What are they waiting for? You are probably thinking, the last thing the airline can afford to do is paint their planes. I’m not buying that argument. That’s just like the people who cut advertising budgets in a recession.

Plus, for reasons too numerous to mention, it looks like the airline industry as a whole is going to be beleaguered for a long time to come.

The latest color scheme evocative of friendly skies of puffy clouds and blue horizons is good to go.

Way better than the awful gray fuselage that looks militaristic and anything but welcoming. And speaking of which, what is with the blue and black horizontal lines on the tail. Was that supposed to make the planes look like the ride would be smoother than the competition? Never got that.

Next time you are at the airport and you run out of things to read or your Blackberry needs re-charging, count the number of colors they used on those overly demure planes. They went over to the dark side and lost touch with years of red, white and orange.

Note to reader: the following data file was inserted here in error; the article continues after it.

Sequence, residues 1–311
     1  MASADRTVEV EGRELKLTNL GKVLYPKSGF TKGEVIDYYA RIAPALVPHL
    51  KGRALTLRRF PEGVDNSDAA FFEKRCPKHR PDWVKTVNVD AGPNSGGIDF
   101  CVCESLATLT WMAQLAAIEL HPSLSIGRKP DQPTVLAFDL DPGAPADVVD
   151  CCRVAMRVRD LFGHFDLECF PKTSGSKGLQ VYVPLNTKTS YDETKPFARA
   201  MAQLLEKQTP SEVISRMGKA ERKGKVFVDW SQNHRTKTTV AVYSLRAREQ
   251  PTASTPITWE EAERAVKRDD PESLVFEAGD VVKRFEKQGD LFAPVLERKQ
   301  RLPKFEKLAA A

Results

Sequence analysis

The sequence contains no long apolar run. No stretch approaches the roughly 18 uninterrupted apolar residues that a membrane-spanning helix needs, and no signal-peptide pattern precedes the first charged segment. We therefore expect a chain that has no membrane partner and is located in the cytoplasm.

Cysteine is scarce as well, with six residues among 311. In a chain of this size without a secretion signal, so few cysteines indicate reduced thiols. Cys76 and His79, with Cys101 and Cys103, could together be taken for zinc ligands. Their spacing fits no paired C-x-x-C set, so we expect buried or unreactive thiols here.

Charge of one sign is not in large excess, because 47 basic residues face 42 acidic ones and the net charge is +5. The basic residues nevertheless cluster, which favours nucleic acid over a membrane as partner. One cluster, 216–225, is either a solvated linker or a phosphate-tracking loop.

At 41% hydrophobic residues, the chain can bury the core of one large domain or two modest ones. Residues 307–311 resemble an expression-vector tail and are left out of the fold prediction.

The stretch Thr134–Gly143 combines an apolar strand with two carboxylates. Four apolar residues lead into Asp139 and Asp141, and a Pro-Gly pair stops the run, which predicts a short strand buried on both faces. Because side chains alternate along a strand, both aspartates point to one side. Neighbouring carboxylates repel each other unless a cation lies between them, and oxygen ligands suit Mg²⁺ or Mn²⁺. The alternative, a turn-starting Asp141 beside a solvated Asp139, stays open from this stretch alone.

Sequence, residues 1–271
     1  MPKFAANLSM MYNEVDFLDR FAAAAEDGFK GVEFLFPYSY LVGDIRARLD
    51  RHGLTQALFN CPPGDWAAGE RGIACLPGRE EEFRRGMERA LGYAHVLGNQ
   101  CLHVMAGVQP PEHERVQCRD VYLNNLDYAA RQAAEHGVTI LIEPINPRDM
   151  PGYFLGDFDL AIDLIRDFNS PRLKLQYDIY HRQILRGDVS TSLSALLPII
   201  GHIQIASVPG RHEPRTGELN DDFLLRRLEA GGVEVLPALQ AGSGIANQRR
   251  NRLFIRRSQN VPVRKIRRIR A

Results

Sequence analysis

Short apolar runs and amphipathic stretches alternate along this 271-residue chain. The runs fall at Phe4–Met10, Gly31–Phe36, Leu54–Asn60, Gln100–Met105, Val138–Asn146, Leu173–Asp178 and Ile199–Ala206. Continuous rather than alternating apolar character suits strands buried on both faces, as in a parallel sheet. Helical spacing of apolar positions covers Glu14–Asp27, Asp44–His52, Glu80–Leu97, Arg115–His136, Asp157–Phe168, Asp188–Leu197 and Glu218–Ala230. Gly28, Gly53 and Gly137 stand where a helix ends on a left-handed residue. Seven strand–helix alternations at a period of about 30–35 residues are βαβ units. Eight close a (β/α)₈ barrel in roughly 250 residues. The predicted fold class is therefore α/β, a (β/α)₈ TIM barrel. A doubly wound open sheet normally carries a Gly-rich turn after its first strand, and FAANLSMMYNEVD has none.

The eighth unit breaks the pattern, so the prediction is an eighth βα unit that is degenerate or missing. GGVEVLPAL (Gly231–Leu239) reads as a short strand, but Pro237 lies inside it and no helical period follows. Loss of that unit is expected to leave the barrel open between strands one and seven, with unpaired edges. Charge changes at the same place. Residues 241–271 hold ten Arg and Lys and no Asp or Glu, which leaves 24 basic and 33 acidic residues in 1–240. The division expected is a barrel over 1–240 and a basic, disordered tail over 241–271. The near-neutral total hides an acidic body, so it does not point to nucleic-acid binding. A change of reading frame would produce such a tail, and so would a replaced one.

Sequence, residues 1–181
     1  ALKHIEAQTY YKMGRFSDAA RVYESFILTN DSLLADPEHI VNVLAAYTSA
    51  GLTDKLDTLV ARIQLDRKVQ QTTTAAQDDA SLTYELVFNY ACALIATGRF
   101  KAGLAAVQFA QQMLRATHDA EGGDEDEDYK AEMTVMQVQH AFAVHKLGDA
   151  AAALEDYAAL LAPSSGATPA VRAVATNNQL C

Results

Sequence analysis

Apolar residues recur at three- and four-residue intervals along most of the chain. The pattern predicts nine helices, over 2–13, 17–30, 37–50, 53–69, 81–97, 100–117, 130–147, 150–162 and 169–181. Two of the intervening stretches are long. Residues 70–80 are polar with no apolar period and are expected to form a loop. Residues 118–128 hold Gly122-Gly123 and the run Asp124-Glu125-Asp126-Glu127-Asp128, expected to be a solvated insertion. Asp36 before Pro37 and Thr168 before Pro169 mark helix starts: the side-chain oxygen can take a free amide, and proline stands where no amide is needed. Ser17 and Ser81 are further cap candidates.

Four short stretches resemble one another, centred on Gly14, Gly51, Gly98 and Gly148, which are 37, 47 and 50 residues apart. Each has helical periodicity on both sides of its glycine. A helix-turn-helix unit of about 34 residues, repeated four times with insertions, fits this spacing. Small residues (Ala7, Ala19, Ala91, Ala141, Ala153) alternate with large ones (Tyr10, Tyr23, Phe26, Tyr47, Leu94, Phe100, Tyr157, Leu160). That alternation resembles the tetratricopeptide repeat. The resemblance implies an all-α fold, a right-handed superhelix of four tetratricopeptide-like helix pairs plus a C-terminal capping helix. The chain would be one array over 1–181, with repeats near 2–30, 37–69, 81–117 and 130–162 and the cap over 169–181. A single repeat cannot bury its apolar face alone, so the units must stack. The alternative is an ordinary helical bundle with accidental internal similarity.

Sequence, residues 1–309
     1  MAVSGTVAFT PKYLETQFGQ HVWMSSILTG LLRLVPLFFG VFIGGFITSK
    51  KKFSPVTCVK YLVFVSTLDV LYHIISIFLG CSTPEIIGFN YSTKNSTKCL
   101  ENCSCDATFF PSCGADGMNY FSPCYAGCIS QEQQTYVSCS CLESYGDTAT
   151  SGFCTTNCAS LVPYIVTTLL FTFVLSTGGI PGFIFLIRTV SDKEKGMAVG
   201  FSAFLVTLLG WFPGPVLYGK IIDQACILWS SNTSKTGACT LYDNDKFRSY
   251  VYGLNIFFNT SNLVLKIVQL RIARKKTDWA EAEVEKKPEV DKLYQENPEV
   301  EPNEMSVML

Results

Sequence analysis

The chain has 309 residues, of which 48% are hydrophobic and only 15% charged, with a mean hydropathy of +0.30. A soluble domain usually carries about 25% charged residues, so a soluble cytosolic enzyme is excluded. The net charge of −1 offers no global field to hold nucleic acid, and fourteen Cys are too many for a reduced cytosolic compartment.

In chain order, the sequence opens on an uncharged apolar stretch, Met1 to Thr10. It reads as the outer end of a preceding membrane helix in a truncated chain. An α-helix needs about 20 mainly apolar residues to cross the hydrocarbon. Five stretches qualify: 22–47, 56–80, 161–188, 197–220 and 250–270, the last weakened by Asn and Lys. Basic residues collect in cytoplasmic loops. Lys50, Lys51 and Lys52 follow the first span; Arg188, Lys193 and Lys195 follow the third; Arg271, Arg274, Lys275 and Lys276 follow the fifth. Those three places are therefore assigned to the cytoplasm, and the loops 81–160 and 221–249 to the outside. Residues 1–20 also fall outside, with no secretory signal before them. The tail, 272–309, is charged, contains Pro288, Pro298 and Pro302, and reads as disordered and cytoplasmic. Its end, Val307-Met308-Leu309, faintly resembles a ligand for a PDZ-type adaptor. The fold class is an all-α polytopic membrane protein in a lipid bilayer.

To be even handed about this, United has shown patience and consistency when it comes to the sound of their brand. They deserve kudos for co-opting George Gershwin’s Rhapsody in Blue and sticking with it for so many years.

Also, I have made inquiries with some of my long time air freight clients in hopes of getting the hard numbers on what it costs to paint planes.

Finally, I must fess-up. I am approaching a million miles flown on United and wish them continued success. Having said that let’s finish where we began.

No paint job for the brand – cost effective? Yes.
Good branding? No.


Lip Service to the Voice of the Customer

Companies need to stay fit and healthy to improve their game. Brands need to “exercise” regularly (run a new ad campaign), “stretch” (to extend the brand franchise) and change their “routine” (introduce a new product.)